What we saw and what we bought.

We didn't see the outside of the Center too often.

About a month ago, Jill and I packed our energy bars, drove the length of Pennsylvania, made a left at Akron – more or less – and arrived in Columbus, Ohio for 48 hours at The National NeedleArts (TNNA) Summer Market.  It may be called a “summer market,” but the focus is entirely on fall & winter yarns, as well as new notions, patterns, books – really just about anything and everything yarn-related.

This was our second time at this TNNA trade show.  Last year the shop was still three months away from opening, and we didn’t buy a single ball of yarn.  We walked from booth to booth, jaws locked in the “dropped” position, and made pages and pages of notes.  This year was completely different.  We had our lists ready and did some serious shopping.  Here’s a peek at just some of what we saw and what we bought.

Norah Gaughan pattern samples

Picking a palette of colors.

For months now we’ve been fielding requests for Berroco yarns.  We thought, why not start with two of their most popular yarns, Ultra Alpaca and Blackstone Tweed?  Ultra Alpaca (50% Super Fine Alpaca/50% Peruvian Highland Wool) is a worsted that is the best of both worlds; it gets structure and substance from its wool half and drape, softness, and halo from its alpaca.  All at a great price, 215 yards for around $10.  Blackstone Tweed has the rustic charm of a classic Donegal but none of the itchy-scratchy.  The next-to-skin-softness is courtesy of its 65% Wool/25% Mohair/10% Angora blend.  With Berroco yarns you get those fabulous Norah Gaughan patterns, too, above seen in a sample sweater display. The only problem with these two beauties?  Choosing colors.  Here’s Jill, looking a little fermisht (overwhelmed) by the number of choices.

Checking the orders to make sure they agree

Are the flipped up skeins the ones we ordered or the ones we didn't?

Next, Wool Clasica from Manos del Uruguay.  This yarn was hugely popular our first winter, when we had it in the space dyed colorways only.  We’re getting more of those and a beautiful palette of semi-solids, too.  It’s easy to choose Manos over some of its look-alike competitors, not least of all because they are 100% Fair Trade, the yarn coming from women’s cooperatives that provide a source of direct income, health insurance, retirement pensions, paid vacations, and paid maternity leave for their members. While today there are kindergartens and preschools throughout the country, the first kindergartens in Uruguay were begun by the Manos Cooperative, to provide childcare for the artisans.  According to their website, Manos’s mission is to eradicate poverty through sustainable economic development, pioneering social and environmental policy and practice, and continual reinvestment in marginalized artisans, farmers and producer communities. All from gorgeous skeins of yarn!  There’s not much that Wool Clasica can’t do: hats, mittens, scarves, accessories, sweaters, afghans – we’ve had the Four Seasons Throw pattern for awhile; now we’ll have plenty of colors for you to play with.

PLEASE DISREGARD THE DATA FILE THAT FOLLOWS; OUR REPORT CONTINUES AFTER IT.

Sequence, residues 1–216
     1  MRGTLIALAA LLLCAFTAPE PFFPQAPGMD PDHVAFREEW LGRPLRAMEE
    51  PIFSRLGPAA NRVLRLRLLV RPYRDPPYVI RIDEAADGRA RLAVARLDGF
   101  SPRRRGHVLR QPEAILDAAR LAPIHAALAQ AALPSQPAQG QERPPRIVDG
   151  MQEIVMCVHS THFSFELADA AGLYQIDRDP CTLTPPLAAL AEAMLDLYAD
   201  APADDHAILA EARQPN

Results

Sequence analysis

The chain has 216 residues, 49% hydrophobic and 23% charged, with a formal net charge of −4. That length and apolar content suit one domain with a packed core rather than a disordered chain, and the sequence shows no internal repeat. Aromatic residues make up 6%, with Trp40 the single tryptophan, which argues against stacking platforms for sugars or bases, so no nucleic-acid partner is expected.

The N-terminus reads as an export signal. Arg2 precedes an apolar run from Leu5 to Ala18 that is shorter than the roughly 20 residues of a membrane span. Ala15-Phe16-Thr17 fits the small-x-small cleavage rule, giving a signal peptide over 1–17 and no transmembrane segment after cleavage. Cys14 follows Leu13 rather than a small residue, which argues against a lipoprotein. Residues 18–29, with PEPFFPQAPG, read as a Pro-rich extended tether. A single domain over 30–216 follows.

Closing the Heichi deal

Echo cardigan in Heichi

Shibui.  Heichi.  Maybe not household names, but once you see this worsted 100% silk yarn from Shibui Knits and its fashion-forward pattern collection (think Eileen Fisher), you’ll want to get to know it better.  Here is Jill sharing a laugh with Kristin from Shibui Knits and Kristin modeling Echo, one of our favorite finds.

Sarah, Ysolda, and Rebecca

There are plenty of famous faces at TNNA.  You can’t miss the pixie smile of Ysolda Teague of Ishbel fame.  Here she is, below, with her cheery booth helpers, Rebecca and Sarah.  (Yes, both the booth and the helpers were cheery!)  Ysolda’s brand new book has just arrived in the shop.  It’s called Little Red in the City, and it got a rave review from Clara Parkes in her Knitter’s Review, in the same column in which Sandra McIver’s Knit, Swirl! was written up, also with a thumbs up.  We met Sandra, too, and ordered copies of her book immediately after seeing every one of her pattern models being worn on every conceivable female body type and looking great on each one.  We chose even more irresistable patterns from Bonne Marie Burns of Chic Knits, Kim Dolce of Dolce Handknits, and Ilga Leja, whom we met at the Handmaiden/Fleece Artist booth where we snagged some Sea Silk.

Amanda of Lorna's Laces

On the last day of the show we made our way to Lorna’s Laces. We’ve always loved LL yarns, but we wanted to introduce them with something not found around every corner.  So, it was love at first sight when we saw Grace, a worsted boucle mohair and Solemate, their newest sock yarn.  Solemate contains Outlast®, an honest-to-goodness space-age technology that allows the yarn to keep you warm when it’s cold and cool when it’s hot, all from inside LL’s spectacular colors.  I snapped the shot of Amanda, who may remember us as her last customers of the show, against a backdrop of just a few of LL’s many shades.

MimKnits Furrows Shawl

There was a sample of Miriam Felton’s Furrows Shawl in the LL booth, another design we now have in stock. Rumor has it that it’s a great travel project.

Yarn candy

We headed to Artyarns after hitting Misti Alpaca and Crystal Palace. (There’s a whole lotta Misti Alpaca Chunky and Mochi Plus in our future, by the way.)  One last picture shows Jill at the Artyarns booth.  By the time it was taken our energy bars were long gone, our budget was all but forgotten, and “yarn” was almost a four-letter word.  But it turned out we hadn’t forgotten how to fall in love with the stuff.  Jill’s trying to make this look like hard work.


One response to “What we saw and what we bought.

  1. Enjoyed sharing your trip! What a lot of lovely yarn. Linda

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